If someone in the US stared at one of my infants, my heart would race and my arms tighten around the child. I’d move a distance away and keep alert. Here, people would come over and tell me it was windy and I should put a hat on my baby daughter, or pull the top of the carriage down to protect her from the sun. Here, people will hold someone’s baby while the mother puts the stroller on the bus and think the woman insane if she was worried that the person would take off with her child. I saw this happen and was amazed and when I tried to explain it to the woman holding the baby, she asked if people in America care more about the stroller than the child? Why else, she wondered, would you risk the child being hurt as the mother navigates with stroller and child?
Here, we do have armed soldiers walking down the street – not on patrol, but on their way home or to base. They’ll stop in a store, stand next to you on the bus. They are simply more people that make up the tapestry of Israeli society and don’t represent something frightening or unusual. And when there is an event or a heightened alert and they are on patrol, people will offer them closed bottles of water or make sure they have eaten.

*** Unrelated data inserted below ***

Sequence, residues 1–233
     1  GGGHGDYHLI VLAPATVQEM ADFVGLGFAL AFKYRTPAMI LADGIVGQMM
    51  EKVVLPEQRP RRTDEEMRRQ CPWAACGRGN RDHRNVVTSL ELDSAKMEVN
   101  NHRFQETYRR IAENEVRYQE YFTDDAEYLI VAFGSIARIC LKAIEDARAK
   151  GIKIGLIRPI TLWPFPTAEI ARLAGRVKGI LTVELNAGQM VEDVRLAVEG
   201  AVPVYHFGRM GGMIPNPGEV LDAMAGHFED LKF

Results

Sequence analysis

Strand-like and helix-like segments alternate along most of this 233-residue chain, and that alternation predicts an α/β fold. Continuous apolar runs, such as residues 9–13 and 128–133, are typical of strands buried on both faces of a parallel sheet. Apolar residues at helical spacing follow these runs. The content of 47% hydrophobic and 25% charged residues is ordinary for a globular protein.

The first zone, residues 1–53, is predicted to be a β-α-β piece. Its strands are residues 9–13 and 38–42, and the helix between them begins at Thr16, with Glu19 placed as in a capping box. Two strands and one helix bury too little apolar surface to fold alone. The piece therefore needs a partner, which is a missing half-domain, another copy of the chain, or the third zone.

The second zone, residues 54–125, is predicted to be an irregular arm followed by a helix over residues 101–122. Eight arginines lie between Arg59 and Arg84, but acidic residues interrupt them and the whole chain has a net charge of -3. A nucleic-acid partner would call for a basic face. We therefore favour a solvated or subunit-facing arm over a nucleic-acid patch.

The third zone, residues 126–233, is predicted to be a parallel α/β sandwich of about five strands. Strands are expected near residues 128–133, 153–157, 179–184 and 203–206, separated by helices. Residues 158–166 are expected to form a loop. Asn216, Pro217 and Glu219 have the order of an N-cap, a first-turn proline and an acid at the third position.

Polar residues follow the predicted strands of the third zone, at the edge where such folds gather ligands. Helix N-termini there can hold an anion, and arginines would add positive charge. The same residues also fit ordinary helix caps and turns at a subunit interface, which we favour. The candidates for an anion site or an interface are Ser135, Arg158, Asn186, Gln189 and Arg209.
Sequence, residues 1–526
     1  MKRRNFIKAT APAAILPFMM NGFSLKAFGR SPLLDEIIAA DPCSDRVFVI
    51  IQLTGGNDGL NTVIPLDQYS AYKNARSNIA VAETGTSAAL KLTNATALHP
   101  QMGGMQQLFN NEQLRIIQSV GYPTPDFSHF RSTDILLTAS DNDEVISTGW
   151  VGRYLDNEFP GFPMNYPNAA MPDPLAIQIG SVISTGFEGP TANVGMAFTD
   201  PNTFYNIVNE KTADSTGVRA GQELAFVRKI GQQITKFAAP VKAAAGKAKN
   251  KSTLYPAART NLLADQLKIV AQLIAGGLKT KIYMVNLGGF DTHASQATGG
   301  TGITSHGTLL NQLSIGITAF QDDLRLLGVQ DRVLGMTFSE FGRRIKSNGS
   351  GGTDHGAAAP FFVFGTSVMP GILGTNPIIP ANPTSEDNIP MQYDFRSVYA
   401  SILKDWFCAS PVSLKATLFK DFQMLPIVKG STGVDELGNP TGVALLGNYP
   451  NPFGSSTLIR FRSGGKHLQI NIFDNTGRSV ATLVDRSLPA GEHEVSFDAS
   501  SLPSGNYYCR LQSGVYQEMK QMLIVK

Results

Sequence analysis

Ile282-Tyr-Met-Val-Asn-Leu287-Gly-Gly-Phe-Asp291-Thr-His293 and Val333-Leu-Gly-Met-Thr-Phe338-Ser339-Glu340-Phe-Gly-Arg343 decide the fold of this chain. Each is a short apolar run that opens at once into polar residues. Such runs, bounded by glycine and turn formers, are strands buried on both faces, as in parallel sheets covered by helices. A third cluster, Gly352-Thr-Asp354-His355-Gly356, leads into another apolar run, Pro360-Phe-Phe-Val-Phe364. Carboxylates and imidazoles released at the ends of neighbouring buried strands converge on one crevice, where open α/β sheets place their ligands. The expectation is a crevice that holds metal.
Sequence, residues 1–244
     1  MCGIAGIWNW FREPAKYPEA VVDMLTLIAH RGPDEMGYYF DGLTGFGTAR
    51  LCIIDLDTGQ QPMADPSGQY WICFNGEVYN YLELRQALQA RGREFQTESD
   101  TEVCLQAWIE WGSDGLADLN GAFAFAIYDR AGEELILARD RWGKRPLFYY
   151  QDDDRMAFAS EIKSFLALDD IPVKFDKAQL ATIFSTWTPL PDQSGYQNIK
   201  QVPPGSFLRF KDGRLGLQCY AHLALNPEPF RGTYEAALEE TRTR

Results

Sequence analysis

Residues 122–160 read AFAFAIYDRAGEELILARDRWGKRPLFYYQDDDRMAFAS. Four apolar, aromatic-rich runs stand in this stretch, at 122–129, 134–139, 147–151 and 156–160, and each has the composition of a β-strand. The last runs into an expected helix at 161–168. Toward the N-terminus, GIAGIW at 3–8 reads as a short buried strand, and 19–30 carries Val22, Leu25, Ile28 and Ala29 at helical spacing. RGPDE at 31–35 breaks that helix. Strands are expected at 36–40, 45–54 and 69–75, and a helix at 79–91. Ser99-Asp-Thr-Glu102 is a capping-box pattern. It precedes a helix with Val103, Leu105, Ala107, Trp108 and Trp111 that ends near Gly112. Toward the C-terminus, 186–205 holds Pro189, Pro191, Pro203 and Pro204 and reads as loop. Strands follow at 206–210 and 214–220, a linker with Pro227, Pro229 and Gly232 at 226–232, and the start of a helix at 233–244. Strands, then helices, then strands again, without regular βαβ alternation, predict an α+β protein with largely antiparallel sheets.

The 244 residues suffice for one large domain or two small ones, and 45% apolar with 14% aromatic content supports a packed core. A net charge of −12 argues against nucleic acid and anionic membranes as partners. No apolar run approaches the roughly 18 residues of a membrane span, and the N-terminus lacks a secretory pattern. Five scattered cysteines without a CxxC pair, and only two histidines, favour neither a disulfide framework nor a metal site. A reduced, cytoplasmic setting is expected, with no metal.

I think I wrote this once before but it is such a true picture of Israel and so I’ll write it here again. Years ago, during the Intifada, I took my oldest daughter shopping in the center of Jerusalem. Bombs had been going off a lot, it was a scary time and standing there in the center – where at least 5 bombs had been detonated, was one of the rare times I really felt fear. Had I been on my own, I would have been fine. Had I not faced separating from my daughter, I would have been without fear.
But the parking meter was running out and my daughter was still trying on clothes in the dressing room. She was a teenager, not very young and there was no reason not to leave her, except for the fear that had clutched my heart. The store owner asked me what the problem was, and I felt like an idiot. I explained about the meter running out and looked towards the dressing room.